Revelado o maior de todos os dinossauros da América do Norte

sexta-feira, dezembro 09, 2011

North America's Biggest Dinosaur Revealed

ScienceDaily (Dec. 7, 2011) — New research from Montana State University's Museum of the Rockies and the State Museum of Pennsylvania has unveiled enormous bones from North America's biggest dinosaur.

It is difficult to estimate body sizes from only fragmentary remains, but overlapping skeletal material indicates similar maximum sizes for the biggest dinosaurs. (Credit: Image courtesy of Denver Fowler)

In a paper published Dec. 6 in Acta Palaeontologica Polonica, MSU researcher Denver W. Fowler and coauthor Robert M. Sullivan from Harrisburg, Pa., describe two gigantic vertebrae and a femur that the team collected in New Mexico from 2003 to 2006. Carrying the vertebrae alone took most of a day and was a "killer" because the paleontologists carried them 1.2 miles through 100-degree heat, Fowler said.

The bones belong to the sauropod dinosaur Alamosaurus sanjuanensis: a long-necked plant eater related to Diplodocus. TheAlamosaurus roamed what is now the southwestern United States and Mexico about 69 million years ago.

"Alamosaurus has been known for some time; its remains were first described in 1922 from the Naashoibito beds of New Mexico. Since then, more bones have been discovered in New Mexico, Utah, some really nice material from Texas, and Mexico, including a few partial skeletons," Fowler said.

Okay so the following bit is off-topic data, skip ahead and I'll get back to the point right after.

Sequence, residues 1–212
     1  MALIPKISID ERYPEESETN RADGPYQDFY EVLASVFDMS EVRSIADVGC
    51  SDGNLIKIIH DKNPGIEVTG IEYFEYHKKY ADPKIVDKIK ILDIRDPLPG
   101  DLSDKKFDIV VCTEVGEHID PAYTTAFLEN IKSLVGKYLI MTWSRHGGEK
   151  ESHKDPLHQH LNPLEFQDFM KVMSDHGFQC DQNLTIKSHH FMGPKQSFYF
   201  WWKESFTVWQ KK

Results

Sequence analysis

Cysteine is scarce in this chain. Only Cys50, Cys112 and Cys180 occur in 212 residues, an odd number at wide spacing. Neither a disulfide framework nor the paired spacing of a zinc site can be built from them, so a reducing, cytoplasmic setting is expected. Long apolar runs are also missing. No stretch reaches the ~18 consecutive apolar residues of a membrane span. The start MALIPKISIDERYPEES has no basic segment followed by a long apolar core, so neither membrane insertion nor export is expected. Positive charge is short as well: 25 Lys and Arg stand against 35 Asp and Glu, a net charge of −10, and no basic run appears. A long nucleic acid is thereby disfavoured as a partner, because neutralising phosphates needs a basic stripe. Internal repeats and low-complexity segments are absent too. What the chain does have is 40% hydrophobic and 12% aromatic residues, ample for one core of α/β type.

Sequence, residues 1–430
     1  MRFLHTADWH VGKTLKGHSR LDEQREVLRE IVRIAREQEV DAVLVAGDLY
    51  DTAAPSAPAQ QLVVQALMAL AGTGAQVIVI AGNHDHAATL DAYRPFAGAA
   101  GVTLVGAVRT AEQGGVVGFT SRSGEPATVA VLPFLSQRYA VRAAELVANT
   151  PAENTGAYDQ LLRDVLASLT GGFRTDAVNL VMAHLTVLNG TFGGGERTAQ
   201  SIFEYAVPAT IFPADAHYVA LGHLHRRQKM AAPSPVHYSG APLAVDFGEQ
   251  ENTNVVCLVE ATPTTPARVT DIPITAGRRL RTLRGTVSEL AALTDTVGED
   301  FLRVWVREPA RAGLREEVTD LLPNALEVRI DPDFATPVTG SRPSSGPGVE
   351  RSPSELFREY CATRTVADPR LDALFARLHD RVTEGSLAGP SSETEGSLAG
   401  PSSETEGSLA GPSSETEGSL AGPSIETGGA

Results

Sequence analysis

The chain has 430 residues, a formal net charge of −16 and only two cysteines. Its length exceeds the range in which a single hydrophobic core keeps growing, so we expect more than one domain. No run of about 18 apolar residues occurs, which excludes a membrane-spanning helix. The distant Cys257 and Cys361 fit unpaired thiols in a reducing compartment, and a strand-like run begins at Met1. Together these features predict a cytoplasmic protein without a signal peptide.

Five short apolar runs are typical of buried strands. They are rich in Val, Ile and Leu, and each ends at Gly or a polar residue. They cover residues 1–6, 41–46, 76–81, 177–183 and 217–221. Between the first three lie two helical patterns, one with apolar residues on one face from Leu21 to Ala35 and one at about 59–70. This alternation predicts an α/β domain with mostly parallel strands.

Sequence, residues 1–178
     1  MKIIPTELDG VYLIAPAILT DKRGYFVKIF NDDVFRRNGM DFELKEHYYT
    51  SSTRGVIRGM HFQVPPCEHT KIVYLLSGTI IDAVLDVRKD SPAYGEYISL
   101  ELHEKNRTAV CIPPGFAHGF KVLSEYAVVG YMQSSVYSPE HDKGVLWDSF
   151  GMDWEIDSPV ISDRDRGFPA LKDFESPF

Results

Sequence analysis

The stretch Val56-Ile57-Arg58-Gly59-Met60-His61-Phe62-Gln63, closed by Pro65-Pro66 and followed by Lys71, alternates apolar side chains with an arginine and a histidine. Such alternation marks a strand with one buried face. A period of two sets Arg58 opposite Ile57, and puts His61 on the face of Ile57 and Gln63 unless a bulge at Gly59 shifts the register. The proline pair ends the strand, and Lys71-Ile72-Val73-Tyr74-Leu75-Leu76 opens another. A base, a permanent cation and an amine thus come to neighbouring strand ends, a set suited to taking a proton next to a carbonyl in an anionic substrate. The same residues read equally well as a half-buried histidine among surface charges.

The sheer size of the new bones caught the researchers by surprise, however.

"We used to think that a fully grown Alamosaurus measured around 60 feet long and weighed about 30 tons; but a 2009 study by another MSU researcher, Dr. Holly Woodward, found that a femur thought to belong to an adult was still growing," Fowler said. "This told us that Alamosaurus got even bigger, but we didn't imagine that it could get quite this big."

How big? The enormity of the new bones puts Alamosaurus in the same size league as other giant sauropods from South America, including Argentinosaurus which weighed about 70 tons, and is widely considered to be the biggest dinosaur of all.

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The first giant titanosaurian sauropod from the Upper Cretaceous of North America

Denver W. Fowler and Robert M. Sullivan

Acta Palaeontologica Polonica 56 (4), 2011: 685-690 doi:10.4202/app.2010.0105

Argentinosaurus (Cenomanian, Argentina) is generally accepted as being the largest dinosaur so far discovered and is one of several giant titanosaurian sauropods known from the Upper Cretaceous of South America and Asia, but surprisingly not from North America. Here we present the first evidence of giant titanosaurian sauropods from the Upper Cretaceous of North America: two enormous vertebrae and a partial femur, from the Naashoibito Member of the Ojo Alamo Formation, New Mexico, and referred to Alamosaurus sanjuanensis. One of the new vertebrae, a posterior cervical, is comparable in size to a posterior cervical described for Puertasaurus: an Argentinosaurus−sized titanosaurian from the Maastrichtian of Argentina. This makes A. sanjuanensis the largest dinosaur from North America, and among the largest in the world. These findings indicate that A. sanjuanensis is diagnosed based on immature remains, which may have implications for cladistic analyses.

Key words: Dinosauria, Sauropoda, Titanosauria, Alamosaurus, body mass, Naashoibito Member, Ojo Alamo Formation, New Mexico, North America.

Denver Fowler [], Museum of the Rockies, 600 W. Kagy Blvd., Bozeman, MT 59717; Robert Sullivan [], The State Museum of Pennsylvania, 300 North St., Harrisburg, PA 17120.